Throughout your pregnancy it’s important that you’re providing your body and your baby with the correct vitamins and nutrients that it needs to keep you both as healthy as possible.

But it’s also a good idea to continue this mindset when you’re breastfeeding. It’s believed that certain foods can help boost your milk supply. Babies triple in weight in their first year and double in length – and all that growing needs some fuel! 

So, it’s important for breastfeeding women to be eating the right foods, and avoiding those that could disrupt breastfeeding.

Are there any foods I should avoid when breastfeeding? 

If your baby is sensitive to certain foods or drinks, you may need to avoid them. This is because traces of what you eat and drink can pass through to your breast milk, affecting your baby.

It’s important to listen to your baby when you’re breastfeeding – there will be some tastes she loves (a lot of babies will feed for longer when they taste garlic for example!) and others she won’t like (a lot of mums find spicy food or citrus fruits unsettle their babies and make them harder to feed). That said, the following foods should be avoided as part of your breastfeeding diet:

Alcohol

According to the NHS, the occasional drink when you’re breastfeeding is ok, but you should try to avoid alcohol as much as you can. These days there are some great non-alcoholic drink options. 

If you do drink whilst breastfeeding, the NHS recommends waiting a few hours before feeding your baby. An alternative option is to pump before you drink alcohol. If you do miss a feed, make sure you still express so that your breasts don’t become engored and sore. 

Caffeine

Try and avoid more than two cups of coffee a day when breastfeeding as this can increase the caffeine levels in your milk and be passed on to your baby, which can make your baby restless and keep them awake (which is the last thing you want!)

Also bear in mind that it’s not just a mug of tea or coffee that contain caffeine – chocolate, energy drinks and certain soft drinks (such as cola) also count towards the amount of caffeine in your system.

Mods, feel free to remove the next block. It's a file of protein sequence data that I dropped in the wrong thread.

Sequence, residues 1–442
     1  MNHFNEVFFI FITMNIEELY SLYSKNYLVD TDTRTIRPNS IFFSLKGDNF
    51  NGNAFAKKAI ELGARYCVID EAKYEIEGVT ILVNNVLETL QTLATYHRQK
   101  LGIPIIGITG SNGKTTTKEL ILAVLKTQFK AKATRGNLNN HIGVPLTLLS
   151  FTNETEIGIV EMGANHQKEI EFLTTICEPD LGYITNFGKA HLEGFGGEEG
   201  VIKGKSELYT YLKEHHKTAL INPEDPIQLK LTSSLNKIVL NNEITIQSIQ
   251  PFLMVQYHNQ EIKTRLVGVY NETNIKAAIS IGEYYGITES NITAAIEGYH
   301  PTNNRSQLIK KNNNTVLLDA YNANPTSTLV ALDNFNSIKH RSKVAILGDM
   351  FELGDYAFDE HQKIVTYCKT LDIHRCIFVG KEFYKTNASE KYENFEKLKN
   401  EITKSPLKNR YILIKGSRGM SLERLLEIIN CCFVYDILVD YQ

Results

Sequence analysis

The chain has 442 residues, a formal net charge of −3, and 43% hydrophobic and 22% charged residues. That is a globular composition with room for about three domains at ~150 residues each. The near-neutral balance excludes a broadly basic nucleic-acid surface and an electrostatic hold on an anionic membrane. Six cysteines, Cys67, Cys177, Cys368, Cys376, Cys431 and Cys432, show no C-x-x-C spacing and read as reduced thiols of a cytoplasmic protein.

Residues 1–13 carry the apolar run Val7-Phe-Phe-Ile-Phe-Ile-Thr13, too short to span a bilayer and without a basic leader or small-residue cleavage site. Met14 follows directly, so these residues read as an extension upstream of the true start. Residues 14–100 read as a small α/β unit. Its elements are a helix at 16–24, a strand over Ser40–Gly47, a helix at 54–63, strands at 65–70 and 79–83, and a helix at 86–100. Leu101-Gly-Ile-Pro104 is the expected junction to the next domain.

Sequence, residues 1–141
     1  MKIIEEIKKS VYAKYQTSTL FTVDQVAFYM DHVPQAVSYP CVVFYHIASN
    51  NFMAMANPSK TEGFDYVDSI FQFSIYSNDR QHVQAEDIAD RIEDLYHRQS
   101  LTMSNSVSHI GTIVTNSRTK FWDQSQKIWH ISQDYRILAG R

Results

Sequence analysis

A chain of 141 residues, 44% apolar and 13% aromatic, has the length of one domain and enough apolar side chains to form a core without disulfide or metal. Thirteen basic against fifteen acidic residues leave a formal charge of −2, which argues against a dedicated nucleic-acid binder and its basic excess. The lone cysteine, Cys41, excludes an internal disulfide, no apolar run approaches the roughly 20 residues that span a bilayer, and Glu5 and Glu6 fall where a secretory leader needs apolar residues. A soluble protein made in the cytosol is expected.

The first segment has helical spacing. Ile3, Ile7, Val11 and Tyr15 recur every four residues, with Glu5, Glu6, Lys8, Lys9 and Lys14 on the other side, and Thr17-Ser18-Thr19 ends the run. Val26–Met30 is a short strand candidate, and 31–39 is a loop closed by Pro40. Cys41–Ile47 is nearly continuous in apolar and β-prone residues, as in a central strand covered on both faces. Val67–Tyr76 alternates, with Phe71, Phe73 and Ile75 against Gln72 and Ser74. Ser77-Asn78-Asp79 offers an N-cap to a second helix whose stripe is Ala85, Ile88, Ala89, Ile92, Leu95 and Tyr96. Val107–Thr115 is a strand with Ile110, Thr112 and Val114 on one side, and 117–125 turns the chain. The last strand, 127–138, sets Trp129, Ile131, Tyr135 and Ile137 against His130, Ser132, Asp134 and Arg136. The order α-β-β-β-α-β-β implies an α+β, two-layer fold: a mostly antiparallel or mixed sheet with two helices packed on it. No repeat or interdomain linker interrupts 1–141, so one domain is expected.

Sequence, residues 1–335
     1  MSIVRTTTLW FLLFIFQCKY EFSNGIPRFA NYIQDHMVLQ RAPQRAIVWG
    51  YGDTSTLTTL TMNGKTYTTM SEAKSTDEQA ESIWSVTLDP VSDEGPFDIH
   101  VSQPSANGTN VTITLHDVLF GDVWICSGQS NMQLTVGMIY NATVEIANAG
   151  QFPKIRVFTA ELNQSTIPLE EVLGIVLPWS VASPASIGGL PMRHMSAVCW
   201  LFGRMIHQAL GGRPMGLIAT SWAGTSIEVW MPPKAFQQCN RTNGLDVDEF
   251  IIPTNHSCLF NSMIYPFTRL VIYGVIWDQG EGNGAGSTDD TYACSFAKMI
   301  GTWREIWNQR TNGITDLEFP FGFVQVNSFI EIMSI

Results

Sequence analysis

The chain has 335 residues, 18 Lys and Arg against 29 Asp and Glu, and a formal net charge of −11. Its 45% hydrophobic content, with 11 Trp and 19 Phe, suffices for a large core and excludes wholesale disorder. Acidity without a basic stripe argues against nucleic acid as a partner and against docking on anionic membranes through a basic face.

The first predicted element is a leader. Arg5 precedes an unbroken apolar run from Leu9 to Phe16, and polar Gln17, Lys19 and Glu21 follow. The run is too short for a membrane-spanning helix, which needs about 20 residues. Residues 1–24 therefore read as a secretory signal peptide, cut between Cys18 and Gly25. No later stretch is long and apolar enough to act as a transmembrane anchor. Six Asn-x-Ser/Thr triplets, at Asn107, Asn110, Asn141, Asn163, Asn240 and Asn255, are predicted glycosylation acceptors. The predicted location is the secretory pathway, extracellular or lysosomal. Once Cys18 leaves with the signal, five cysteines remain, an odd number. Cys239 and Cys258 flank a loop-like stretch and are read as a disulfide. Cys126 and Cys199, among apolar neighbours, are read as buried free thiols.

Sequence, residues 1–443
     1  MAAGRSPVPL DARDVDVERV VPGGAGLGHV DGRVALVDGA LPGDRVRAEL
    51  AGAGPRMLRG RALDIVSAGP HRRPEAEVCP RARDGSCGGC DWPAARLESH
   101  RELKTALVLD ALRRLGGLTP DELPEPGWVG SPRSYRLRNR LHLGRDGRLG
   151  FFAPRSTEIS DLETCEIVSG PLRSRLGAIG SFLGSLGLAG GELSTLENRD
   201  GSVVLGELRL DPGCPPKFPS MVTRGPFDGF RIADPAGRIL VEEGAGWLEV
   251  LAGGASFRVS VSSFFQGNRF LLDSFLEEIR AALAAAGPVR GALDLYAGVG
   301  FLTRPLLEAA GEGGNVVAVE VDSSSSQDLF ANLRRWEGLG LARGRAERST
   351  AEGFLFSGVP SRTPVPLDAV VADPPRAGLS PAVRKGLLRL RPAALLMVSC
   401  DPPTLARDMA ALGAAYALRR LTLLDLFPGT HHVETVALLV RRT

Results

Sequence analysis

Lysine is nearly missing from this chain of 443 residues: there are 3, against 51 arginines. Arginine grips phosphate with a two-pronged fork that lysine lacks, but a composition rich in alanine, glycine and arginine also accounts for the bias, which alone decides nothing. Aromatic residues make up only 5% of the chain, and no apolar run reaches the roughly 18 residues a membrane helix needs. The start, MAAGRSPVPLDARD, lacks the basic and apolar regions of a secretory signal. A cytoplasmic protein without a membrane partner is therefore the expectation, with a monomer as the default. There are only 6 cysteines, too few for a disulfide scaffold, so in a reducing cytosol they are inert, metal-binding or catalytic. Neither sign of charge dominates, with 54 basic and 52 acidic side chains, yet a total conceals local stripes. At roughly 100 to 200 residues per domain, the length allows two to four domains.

Fish

Although fish is good for you and your baby when breastfeeding, you should have no more than two portions of oily fish per week. Fresh mackerel, sardines, trout and tuna all count as oily fish.

You should also limit your portions of fish with high levels of mercury, such as swordfish.

Is my baby at risk of developing food allergies when breastfeeding?

In fact some babies are born with allergies, certain allergies can be passed on to your child when they’re still in the womb. Sometimes this is genetic, while other allergies come completely out of the blue.

Your baby may show a reaction to foods you eat when breastfeeding, so it’s important to be aware of symptoms. 

CMA, lactose intolerance and breastfeeding

Cows’ milk allergy (CMA) is one of the most common childhood food allergies. While it’s more common when first infant formula milk is introduced or when your baby starts eating solids, it can happen while breastfeeding.

Symptoms of CMA include:

  • skin reactions: such as a red itchy rash
  • swelling: lips, face and around the eyes
  • tummy ache, vomiting, colic, diarrhoea or constipation
  • runny or blocked nose
  • eczema

If you think your baby is showing symptoms of CMA, excluding dairy from your own diet can help. This can also help if your baby shows signs of lactose intolerance, such as diarrhoea or vomiting. 

However, if you do exclude dairy make sure you’re getting enough calcium from other sources. Nutritionist Dr Harriet Holme says, “There are lots of non-dairy alternatives high in calcium, such as tofu, pulses, dried fruit, and fish that have edible bones, such as sardines or tinned salmon are also a great source of calcium. When you choose a plant-based milk, ensure that it meets your nutritional needs, especially calcium and iodine.”

Peanuts and breastfeeding

Unless you’re allergic to peanuts, there’s no evidence to suggest you should avoid them (or any peanut based foods like peanut butter) while breastfeeding.

Most children that have a food allergy will have experienced eczema during infancy. The worse the child’s eczema and the earlier it started, the more likely they are to have a food allergy. 

Talk to your doctor if you’re worried that your baby is showing signs of an allergic reaction, or intolerance.


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